How Self-taught Portait Artist and Muralist Jamie Bonfiglio is Making an Impact on the Culture

It’s Women’s History Month and we’re celebrating Black women who are making an impact on the culture. First up is artist, Jamie Bonfiglio.

Born in New York, Jamie lived in Queens for the first two years of her life before her mother moved them down to Mobile, Alabama, where she was raised.

It was around the age of 9 when she realized her talent to draw what she saw, and was often the one classmates picked to handle the artistic part of group projects in school.

It wasn’t until she was in her early 20s while living in San Diego, California that Jamie realized art was becoming a passion for her.

She moved away from all of her family and friends to have an early life adventure on her own. While there, she worked multiple jobs that she hated. So as an outlet, she went to Art Blick and asked one of the associates what paint is best for beginners. Although she could draw, she’d never really tried paint at all. They told her acrylic. She picked up some canvases, paint, brushes, and dove right in. It became her creative release, which eventually turned into sales.

When I asked Jamie how it felt the first time she sold one of her paintings, she said: “Oh the feeling was phenomenal! Once anyone bought something, it felt like, Whaaaat??! I created something with my hands and someone loved it enough to buy it.”

When she started getting commissioned from people asking her to paint their family members, she said their reactions made her feel even better.

“I’ve seen people come to tears and be in awe. It’s rewarding.”

Jamie’s work is distinct in that her use of colors, particularly in faces aren’t quite like any other artists that I’ve seen… Once you’ve become familiar with her work, you don’t have to be told who did it when you see it. You just know JB did that.

Jamie Bonfiglio, Credit: PRIDE Photography

It took a while for Jamie to figure out a style. Originally, she didn’t aim for the style you see today. As a beginner painter, realism was intimidating to her. Then she would see work from Kevin WAK Williams and was amazed that he could make paint do that.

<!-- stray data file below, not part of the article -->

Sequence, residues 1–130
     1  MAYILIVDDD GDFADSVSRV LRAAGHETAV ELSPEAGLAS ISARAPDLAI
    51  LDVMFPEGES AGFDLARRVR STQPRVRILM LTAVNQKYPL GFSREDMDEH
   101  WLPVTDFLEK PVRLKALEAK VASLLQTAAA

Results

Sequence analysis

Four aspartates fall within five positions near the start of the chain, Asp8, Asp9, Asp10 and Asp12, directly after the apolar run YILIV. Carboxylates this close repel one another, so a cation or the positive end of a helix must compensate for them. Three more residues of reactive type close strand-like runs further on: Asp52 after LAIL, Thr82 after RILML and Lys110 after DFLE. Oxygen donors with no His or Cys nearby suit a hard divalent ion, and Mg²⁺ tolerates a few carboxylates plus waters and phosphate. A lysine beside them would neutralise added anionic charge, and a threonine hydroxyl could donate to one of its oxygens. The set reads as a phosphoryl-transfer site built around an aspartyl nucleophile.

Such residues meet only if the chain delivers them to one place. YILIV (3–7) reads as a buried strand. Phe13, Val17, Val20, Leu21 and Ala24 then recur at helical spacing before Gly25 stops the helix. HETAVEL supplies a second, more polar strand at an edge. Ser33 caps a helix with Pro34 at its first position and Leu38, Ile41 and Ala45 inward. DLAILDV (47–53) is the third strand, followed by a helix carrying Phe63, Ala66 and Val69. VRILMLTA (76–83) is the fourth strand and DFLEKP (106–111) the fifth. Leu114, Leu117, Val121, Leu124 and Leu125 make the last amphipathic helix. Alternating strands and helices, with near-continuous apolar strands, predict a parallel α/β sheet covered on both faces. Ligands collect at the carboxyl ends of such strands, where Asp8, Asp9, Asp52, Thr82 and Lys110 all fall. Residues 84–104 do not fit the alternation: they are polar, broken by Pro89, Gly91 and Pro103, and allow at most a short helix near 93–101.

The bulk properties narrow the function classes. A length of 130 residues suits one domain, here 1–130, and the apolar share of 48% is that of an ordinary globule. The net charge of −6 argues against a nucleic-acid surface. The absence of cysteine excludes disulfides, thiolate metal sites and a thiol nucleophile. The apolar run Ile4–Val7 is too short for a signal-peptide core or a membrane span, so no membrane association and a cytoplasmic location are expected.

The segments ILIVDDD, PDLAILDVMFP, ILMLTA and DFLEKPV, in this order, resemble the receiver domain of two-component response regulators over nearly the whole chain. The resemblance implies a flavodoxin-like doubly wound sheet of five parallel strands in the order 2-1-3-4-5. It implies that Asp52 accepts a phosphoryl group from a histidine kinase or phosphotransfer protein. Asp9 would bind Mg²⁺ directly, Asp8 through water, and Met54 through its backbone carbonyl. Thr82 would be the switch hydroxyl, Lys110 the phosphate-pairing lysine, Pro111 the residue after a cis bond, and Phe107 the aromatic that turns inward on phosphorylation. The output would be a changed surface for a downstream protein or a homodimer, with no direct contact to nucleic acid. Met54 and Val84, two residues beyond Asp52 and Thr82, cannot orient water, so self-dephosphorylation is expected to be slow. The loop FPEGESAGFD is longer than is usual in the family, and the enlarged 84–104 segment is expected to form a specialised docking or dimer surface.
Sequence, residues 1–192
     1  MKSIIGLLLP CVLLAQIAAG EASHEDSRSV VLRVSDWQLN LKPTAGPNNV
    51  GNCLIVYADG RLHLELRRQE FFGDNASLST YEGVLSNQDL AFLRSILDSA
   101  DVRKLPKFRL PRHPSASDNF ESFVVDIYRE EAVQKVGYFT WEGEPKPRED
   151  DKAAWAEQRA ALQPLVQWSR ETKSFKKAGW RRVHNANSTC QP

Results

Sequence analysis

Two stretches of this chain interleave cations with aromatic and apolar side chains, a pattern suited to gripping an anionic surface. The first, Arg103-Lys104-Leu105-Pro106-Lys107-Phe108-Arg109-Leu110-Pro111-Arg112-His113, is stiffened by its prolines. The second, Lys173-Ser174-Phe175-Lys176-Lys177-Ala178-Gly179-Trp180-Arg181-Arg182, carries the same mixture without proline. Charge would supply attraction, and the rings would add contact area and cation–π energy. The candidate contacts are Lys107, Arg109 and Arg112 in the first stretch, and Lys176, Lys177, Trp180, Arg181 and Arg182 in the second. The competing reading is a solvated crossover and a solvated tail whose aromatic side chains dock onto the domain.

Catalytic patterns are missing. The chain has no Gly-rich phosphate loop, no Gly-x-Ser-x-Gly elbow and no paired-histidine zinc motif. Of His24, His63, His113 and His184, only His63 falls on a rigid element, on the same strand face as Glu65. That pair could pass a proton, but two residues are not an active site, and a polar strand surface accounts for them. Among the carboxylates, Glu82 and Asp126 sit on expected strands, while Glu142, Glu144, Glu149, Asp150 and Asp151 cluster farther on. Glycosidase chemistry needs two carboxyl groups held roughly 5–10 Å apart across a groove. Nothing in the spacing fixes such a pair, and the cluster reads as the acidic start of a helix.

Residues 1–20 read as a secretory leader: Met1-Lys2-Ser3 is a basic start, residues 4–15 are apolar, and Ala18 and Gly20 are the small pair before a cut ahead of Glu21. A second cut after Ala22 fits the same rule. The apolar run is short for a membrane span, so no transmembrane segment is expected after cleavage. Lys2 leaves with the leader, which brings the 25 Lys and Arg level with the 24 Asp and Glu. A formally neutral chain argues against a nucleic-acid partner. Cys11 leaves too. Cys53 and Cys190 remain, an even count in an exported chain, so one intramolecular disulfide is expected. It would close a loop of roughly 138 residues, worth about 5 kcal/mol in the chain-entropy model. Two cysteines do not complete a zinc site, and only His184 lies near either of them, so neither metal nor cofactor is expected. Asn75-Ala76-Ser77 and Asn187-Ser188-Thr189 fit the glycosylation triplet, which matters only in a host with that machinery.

She knew she wanted to paint people, but blending was hard for her, and not a skill she started out with, so she approached it in a more abstract way.

Jamie has always followed several artists. YouTube brought her into the world of VOKA, an artist who creates large, colorful abstract portraits in a style that he coined “Spontaneous Realism.” He painted several celebrity portraits and used tons of colors in a way that still gave dimensions and highlights. In the end you could distinctly tell who was the portrait.

Jamie tried this approach because there was no blending. Her earlier pieces were all vibrant, contrasting colors. “I don’t know if it’s my perfectionism or what, but ironically I learned blending through that abstract approach.” Although she would paint a face with blues, reds, yellows, purples, etc. Jamie started blending one color into the next. From there, it was, “Well lemme just try some real skin tones.” She began painting realistic brown skin tones and now she manages to merge the two styles in a way that is very specific to her. Some of the portrait is realism, while other parts are abstract colors.